sweet dreams

...are made of weird

SFX - - Reviews -

re­leased 21 septem­ber 320 pages | pa­per­back/ebook

Au­thor tricia sul­li­van Pub­lisher Gollancz

Just be­cause you’re para­noid, it doesn’t mean your dreams aren’t out to get you.

It takes dreamhacker Char­lie Aaron a while to re­alise this, be­cause she’s not by na­ture a para­noid per­son. In­deed, she’s so trust­ing that she gets nick­named Pollyanna, and by her own ad­mis­sion she’s not very ob­ser­vant. The lat­ter she can’t help; af­ter tak­ing part in a mys­te­ri­ous (in other words, clearly dodgy) clin­i­cal trial, she’s de­vel­oped nar­colepsy and now falls asleep when stressed.

Un­for­tu­nately, given that Char­lie’s job sees her tan­gling with a shady cor­po­ra­tion, run­ning from a creepy dream in­vader, and get­ting in­ter­ro­gated in a ke­bab shop by the dream po­lice af­ter one of her clients sleep­walks to death, stress comes with the ter­ri­tory.

There’s al­ways been a touch of dream logic to Sul­li­van’s work, even if Maul – with its hi­lar­i­ously, hor­rif­i­cally vi­o­lent girl-gang shoot-out at a cos­met­ics counter – was the kind of dream you have af­ter eat­ing too much cheese. Her plots don’t so much twist as coil like capri­cious and pos­si­bly malev­o­lent springs that pe­ri­od­i­cally snap back in your face. Sweet Dreams is less off-the-wall, but its nar­colep­tic hero­ine is a great de­vice for mov­ing the ac­tion for­ward in dis­ori­en­tat­ing jumps, and the city she vis­its in dreams is glee­fully odd, if in a lower-key way than Sul­li­van read­ers might ex­pect.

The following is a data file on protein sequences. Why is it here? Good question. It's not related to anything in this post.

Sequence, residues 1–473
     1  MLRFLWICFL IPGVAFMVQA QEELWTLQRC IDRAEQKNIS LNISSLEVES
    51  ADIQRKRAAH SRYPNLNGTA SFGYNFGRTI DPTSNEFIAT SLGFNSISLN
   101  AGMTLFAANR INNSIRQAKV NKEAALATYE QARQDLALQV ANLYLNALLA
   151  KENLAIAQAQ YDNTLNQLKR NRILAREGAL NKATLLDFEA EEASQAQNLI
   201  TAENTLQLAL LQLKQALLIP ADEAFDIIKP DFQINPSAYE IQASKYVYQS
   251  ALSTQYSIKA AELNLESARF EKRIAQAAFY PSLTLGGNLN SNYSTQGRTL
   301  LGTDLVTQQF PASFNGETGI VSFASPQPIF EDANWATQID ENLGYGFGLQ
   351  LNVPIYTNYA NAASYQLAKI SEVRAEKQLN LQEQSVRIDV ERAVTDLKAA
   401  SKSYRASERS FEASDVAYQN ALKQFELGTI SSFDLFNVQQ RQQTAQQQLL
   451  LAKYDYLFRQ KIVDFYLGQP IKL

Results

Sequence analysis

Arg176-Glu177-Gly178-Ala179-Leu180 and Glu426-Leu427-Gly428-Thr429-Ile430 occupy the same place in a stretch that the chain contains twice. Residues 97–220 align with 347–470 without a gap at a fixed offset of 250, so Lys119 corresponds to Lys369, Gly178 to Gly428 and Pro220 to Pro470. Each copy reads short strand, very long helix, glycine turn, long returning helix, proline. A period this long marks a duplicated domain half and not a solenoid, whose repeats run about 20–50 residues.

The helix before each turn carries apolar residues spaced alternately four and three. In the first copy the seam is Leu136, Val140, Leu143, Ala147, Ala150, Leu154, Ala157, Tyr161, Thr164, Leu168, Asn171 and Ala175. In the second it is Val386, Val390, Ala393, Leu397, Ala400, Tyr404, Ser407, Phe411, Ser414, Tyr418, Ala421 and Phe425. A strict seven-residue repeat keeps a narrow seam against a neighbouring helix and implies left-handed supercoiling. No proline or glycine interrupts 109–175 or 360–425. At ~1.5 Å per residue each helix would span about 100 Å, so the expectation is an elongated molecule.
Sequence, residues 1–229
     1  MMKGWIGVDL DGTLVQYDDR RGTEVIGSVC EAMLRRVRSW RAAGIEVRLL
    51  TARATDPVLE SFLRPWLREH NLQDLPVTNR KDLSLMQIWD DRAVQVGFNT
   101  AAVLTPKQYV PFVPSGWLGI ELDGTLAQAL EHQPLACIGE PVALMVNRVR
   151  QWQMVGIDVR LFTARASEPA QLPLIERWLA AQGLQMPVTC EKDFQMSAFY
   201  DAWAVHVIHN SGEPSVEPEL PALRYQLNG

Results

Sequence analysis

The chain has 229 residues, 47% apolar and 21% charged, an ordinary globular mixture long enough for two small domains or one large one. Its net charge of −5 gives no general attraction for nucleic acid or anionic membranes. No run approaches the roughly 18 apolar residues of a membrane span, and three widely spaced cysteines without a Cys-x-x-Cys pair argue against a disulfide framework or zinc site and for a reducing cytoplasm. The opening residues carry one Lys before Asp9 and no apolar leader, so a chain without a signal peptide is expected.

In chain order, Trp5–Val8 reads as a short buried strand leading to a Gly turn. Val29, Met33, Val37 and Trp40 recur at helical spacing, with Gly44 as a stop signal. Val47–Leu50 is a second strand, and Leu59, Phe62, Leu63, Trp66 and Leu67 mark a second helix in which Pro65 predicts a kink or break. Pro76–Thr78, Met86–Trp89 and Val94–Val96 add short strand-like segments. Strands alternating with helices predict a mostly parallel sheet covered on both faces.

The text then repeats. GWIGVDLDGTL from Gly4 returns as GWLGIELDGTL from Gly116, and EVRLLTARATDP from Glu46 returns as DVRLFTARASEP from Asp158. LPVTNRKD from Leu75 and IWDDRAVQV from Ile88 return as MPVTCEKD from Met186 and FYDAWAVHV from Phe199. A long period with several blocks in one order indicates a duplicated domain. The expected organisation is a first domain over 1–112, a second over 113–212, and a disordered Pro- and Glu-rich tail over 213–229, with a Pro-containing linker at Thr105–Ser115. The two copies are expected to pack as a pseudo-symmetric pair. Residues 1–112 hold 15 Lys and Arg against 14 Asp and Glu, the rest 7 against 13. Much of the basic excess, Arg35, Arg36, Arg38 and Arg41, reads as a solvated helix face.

In­stead, the book has a qui­eter strength: Char­lie’s jour­ney from pawn (of plots she can’t see, and clients she can’t af­ford to turn down) to player. Caught up in a mur­der mys­tery con­spir­acy thriller, she has to face down her fears, and take con­trol of both dreams and real life. Ends are left dan­gling, but Char­lie’s tale – which makes ex­cel­lent use of its near-fu­ture Lon­don set­ting to ramp up her so­cial and fi­nan­cial vul­ner­a­bil­i­ties – is al­ways a sat­is­fy­ing one. Nic Clarke

In her ac­knowl­edg­ments, Sul­li­van thanks Eury­th­mics’s An­nie Len­nox “for the songs that in­spired this story”.

Plots coil and snap back like springs

Newspapers in English

Newspapers from Australia

© PressReader. All rights reserved.